Education Week has a new article about the use of voice-activated technology in schools. In the Spring 2018 issue of Education Next, Michael Horn wrote about this topic under the headline “Hey Alexa, Can You Help Kids Learn More?”
Rick talks with Larry Rosenstock, education icon, the founder and CEO of High Tech High, and recent recipient of the WISE Prize for Education, about what he’s learned after a half century in education.
Rick talks with the CEO of Outschool, which is a marketplace for live online classes connecting over 30,000 students with over 1,000 teachers in 50 U.S. states and 35 countries.
Dan Ayoub, who helms Microsoft’s education team after a decade leading the famed Halo gaming franchise, discusses the possibilities and pitfalls of bringing augmented and virtual reality to the classroom.
An excerpt from Education Next executive editor Michael Horn’s new book
Robots may work well sometimes. Here’s what we know about why, when, and for whom.
Can learning technology eradicate illiteracy in less-developed countries?
An unbundled higher education system could focus on helping learners earn and learn, as opposed to the existing pattern of learn and then later, maybe, earn.
Sorting fact from fiction
My Tech High partners with innovative public school districts to offer tuition-free, home-centered education programs to 5,000 students, primarily in Utah.
AltSchool partners with 25 districts and schools to implement technology-enabled personalized learning. It also operates four tuition-funded lab schools in San Francisco and New York City.
Edtech entrepreneurs and school choice advocates sometimes invoke disruptive innovation as an indomitable force that will redeem and transform broken school systems.
Personalized learning is a pedagogical philosophy of tailoring learning to the individual student. Blended learning involves integrating technology to deliver some content.
Online programs offer low-cost courses for college credit
Using video storytelling to motivate learning
Technology might allow us to collect detailed information about classroom practice that would help us learn what’s working and what’s not.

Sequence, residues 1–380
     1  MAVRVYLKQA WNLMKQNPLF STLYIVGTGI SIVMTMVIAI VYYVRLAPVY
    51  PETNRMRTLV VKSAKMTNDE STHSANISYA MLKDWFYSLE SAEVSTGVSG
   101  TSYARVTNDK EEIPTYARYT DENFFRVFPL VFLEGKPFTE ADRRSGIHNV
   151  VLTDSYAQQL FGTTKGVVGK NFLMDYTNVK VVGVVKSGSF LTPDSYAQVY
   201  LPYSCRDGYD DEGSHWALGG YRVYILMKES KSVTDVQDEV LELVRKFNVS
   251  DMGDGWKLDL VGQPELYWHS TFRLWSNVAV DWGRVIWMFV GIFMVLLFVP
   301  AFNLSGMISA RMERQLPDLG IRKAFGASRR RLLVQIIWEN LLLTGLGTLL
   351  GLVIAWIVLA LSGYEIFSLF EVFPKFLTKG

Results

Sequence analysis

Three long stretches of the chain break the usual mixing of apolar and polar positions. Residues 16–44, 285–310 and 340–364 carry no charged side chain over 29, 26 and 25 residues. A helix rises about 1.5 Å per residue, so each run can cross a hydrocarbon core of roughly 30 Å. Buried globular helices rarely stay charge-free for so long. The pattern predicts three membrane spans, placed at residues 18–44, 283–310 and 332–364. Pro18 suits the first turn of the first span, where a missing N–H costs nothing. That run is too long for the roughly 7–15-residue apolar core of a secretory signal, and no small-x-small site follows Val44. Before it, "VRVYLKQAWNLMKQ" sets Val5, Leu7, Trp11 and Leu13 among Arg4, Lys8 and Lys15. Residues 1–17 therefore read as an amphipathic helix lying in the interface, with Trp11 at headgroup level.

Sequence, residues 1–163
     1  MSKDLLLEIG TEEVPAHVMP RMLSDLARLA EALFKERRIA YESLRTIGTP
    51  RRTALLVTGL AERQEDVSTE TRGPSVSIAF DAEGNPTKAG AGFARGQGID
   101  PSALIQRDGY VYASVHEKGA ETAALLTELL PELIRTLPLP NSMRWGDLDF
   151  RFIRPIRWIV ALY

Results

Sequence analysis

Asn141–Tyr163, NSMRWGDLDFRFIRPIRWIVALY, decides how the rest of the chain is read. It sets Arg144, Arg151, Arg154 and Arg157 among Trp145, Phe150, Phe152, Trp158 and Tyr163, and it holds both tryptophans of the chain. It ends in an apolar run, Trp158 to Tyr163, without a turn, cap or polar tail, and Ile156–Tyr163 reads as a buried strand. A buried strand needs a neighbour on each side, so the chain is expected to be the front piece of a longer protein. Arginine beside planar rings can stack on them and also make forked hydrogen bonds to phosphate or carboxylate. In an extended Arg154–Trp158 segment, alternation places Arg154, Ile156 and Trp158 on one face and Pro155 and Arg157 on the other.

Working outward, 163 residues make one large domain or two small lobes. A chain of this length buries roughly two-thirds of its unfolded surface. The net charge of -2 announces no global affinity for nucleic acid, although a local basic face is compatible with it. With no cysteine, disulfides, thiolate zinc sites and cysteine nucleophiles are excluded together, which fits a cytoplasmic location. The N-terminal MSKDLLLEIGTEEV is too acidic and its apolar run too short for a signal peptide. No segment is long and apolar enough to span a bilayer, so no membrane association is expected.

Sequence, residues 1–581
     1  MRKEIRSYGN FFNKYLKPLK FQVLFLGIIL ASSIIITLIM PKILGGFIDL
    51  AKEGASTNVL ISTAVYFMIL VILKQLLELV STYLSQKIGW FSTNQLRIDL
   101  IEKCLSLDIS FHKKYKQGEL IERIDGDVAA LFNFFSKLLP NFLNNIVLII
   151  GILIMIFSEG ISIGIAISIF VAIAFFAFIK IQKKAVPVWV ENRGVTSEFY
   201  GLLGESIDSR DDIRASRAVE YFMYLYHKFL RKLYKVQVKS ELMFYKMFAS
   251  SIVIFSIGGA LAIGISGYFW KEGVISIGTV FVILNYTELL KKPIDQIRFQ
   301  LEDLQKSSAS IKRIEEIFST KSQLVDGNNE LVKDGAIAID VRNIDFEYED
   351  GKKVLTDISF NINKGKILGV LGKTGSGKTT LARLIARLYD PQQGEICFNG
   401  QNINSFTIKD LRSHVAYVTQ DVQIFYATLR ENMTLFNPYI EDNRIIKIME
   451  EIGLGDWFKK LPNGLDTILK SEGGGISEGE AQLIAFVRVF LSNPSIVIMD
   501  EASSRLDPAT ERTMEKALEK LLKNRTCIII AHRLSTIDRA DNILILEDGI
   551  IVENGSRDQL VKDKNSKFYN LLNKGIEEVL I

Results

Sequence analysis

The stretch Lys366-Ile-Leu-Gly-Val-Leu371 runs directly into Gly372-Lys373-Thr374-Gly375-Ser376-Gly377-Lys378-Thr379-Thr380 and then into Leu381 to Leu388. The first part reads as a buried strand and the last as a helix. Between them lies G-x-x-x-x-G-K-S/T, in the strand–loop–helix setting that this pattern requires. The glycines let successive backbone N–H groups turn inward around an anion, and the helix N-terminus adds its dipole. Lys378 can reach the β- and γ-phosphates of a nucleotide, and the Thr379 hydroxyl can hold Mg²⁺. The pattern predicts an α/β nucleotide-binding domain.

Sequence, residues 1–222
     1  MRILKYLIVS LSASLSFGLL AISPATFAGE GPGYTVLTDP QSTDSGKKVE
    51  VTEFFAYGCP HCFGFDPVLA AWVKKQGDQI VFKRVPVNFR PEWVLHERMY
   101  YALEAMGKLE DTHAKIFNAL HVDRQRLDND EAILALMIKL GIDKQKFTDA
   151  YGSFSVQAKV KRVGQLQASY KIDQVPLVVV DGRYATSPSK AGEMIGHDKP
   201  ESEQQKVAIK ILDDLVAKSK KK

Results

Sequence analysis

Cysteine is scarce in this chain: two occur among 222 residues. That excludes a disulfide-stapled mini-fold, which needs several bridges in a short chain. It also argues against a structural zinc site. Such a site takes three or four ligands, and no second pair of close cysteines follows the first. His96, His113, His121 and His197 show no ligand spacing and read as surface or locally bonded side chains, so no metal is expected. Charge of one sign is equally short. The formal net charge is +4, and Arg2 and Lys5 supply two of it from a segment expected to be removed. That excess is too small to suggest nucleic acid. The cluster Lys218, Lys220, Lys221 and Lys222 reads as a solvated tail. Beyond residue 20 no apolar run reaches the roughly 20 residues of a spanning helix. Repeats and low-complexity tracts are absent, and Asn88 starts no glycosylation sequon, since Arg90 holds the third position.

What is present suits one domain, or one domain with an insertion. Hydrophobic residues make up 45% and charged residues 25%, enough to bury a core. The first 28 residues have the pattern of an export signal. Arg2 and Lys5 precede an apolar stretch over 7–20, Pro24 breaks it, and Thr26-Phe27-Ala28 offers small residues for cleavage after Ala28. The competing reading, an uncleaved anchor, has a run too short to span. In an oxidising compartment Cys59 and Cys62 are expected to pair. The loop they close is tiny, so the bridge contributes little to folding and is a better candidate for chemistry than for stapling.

A recent report found that most educational software licenses go unused in K-12 districts. The findings unveil a clear disconnect between district software procurement and classroom practice.
Will parents be able to outsource drop-offs and pick-ups to Uber-like companies or automated vehicles? Will school buses be self-driving? The future is now.
New research by David Deming and Kadeem Noray finds that students who major in STEM fields initially experience elevated salaries and rates of employment, but the skills their occupations require change so rapidly that their training quickly becomes obsolete.
Educational content comes to YouTube
An Excerpt from Julia Freeland Fisher’s book “Who You Know”
Several universities are putting free Amazon Echo Dot devices in student dorm rooms to help students more easily access information about their schools.
While Washington, D.C. slams accreditors for not holding colleges and universities accountable for their student outcomes, the more insidious failure of accreditation is the stifling effect on innovation at existing institutions.
Teachers are starting to use voice-powered devices like Alexa in the classroom, though privacy advocates have raised some concerns. Michael Horn considers some of the larger ways that voice assistants might disrupt the classroom.
EdStat: In 2016, Raising Blended Learners Chose Five “Demonstration Sites” to Receive Grants of up to $500,000 Over Three Years
These sites had mixed to modest gains in student achievement, though educators report greater student ownership of learning and fewer disciplinary problems.